Thursday, March 18, 2010

Wynken, Blynken and Nod

The Silly Symphonies in 1938 are kind of a double-edged sword for Walt Disney and his studio. Although they are great vehicles for trying new things, and for the most part are artistic achievements, they are also more and more expensive to produce. It was almost a given that these shorts would not make their money back, but were instead trial balloons for feature films.

Wynken, Blynken and Nod is a good example of this. The artistry in this short cannot be denied. The main characters are great designs, and the amazing shots of the three of them sailing through the skies in their shoe-boat are breathtaking. The effects of the stars, the clouds and pixie dust flying all around them are fantastic.



But, there’s no real story or emphasis in the short. It harkens back to older Silly Symphonies in that it’s a loose collection of gags with no dialogue, although the music here is not as prevalent as before. The gags are good, but not enough to make for a truly memorable short.



To start with, the three characters don’t have much going for them beyond their designs. Although the animators do a great job of having them emote when in various situations, that’s the extent of their appeal. Wynken, Blynken and Nod don’t have real personalities or anything that makes the viewer latch on to them.



The gags, as mentioned, are not bad. But they’re not great, either. Coming right after something like Mickey’s Trailer, with such inventive and relatable gags, seeing these three fish for stars is cute, but that’s about it. I understand that the point of this short is much like other Silly Symphonies (Funny Little Bunnies, for example), to be an exploration of a world, not a story. But, it just seems to fall flat for me.



My favorite parts of this short were the scenes of the boys sailing through the air in their dream boat. As I said before, the interactions of the boat and the clouds, the sparkle the boat gives off, and the feeling of pure fantasy it all gives off is fantastic work.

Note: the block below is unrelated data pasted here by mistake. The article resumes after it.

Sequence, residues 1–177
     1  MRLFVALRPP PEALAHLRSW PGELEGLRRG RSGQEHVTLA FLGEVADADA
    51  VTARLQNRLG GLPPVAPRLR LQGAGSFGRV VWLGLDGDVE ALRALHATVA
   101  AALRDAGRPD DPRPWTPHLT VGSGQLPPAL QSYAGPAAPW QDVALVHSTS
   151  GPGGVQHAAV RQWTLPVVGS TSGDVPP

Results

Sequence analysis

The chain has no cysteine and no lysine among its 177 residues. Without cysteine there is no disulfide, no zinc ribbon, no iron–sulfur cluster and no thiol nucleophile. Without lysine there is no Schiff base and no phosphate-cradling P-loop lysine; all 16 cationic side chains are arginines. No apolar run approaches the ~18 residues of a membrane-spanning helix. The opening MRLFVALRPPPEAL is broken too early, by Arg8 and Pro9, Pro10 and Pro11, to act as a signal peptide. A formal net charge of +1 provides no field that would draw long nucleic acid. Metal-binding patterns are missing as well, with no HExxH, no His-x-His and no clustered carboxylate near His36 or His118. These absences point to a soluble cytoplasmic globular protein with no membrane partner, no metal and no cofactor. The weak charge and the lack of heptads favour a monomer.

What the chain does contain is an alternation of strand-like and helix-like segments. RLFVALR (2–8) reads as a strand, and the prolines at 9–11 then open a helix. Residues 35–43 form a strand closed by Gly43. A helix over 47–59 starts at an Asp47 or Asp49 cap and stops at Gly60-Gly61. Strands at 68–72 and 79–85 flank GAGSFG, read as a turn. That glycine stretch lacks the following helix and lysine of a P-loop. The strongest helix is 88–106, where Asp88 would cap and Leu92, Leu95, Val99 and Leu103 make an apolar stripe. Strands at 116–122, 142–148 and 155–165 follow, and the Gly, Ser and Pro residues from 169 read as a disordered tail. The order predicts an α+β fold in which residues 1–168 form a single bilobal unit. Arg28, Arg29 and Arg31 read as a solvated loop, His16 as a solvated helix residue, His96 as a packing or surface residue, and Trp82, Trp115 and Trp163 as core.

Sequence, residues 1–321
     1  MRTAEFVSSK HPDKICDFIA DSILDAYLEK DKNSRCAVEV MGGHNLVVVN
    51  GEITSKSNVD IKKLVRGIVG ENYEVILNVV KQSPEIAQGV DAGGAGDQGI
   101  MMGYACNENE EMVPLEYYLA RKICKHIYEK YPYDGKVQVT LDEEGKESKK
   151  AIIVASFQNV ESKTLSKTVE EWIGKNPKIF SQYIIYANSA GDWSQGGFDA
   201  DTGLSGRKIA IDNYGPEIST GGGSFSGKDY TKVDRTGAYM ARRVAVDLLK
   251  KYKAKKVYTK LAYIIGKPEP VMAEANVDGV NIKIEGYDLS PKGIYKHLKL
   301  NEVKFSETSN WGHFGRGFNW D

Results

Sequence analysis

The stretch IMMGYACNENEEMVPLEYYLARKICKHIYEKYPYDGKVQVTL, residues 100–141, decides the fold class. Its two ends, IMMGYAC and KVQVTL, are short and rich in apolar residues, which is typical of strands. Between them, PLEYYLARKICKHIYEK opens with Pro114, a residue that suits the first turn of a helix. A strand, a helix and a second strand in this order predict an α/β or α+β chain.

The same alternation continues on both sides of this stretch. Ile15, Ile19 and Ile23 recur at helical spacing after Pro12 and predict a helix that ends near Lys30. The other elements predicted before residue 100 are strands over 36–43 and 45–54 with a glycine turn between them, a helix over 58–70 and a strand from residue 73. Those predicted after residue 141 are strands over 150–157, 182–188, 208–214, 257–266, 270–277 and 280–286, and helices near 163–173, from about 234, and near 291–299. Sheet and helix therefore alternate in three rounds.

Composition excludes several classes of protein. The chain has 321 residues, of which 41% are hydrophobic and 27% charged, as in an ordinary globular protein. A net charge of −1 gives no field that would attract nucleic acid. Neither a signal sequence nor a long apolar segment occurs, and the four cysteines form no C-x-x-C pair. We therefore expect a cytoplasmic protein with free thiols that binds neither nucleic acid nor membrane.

But for the most part, the short is merely the boys being silly, not knowing what they are doing to each other, and fishing for stars. It all looks wonderful, but I can see where audiences might have tired of this type of short compared to the wonderful Mickey or Donald shorts they had seen so recently. My guess would be they didn’t, but I did.

All images copyright Disney. All rights reserved.


2 comments:

  1. This short always conveyed to me, visually the same feelings my mother had around small children.

    The tone and mood of this short, the lilting lullaby and the safety the boys feel in their crib even as their flying shoe bobs through the strotsphere send a real note through me.

    And you're right...it's just dang pretty to look at!

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  2. I prefer Mickey, Donald and Goofy too, but I'm glad Disney also tried out different things too. There's a lot to like about this short, but I have to admit it's a bit cutesy for me, not in a way that makes me feel sick (like Water Babies) I just find it a little boring.

    There's some wonderful use of colours in this this. In fact colour wise, it's one of my favourites. Disney has come a long way in presenting cute things since water Babies. Unlike in the previous short which used realistic baby proportions, combined with flat colours and the limitations of the artists, the designs of Wynken, Blynken and Nod caricature the features that makes babies cute with round, animatable forms. Instead of being limited to one gross flat skin colour, the designs are broken up by the clothing, plus there's a bunch of special effects and techniques so their cheeks remain nice and rosy there faces are lit up by any comets that might go sailing by. It's still cute and kitsch for me, but at least I don't find it ugly .

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